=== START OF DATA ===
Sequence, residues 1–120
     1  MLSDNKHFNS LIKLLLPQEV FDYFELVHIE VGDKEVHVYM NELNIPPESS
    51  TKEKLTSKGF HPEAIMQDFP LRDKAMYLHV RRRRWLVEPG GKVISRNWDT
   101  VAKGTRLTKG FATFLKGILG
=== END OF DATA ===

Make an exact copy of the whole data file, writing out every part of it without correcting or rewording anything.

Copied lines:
Sequence, residues 1–120
     1  MLSDNKHFNS LIKLLLPQEV FDYFELVHIE VGDKEVHVYM NELNIPPESS
    51  TKEKLTSKGF HPEAIMQDFP LRDKAMYLHV RRRRWLVEPG GKVISRNWDT
   101  VAKGTRLTKG FATFLKGILG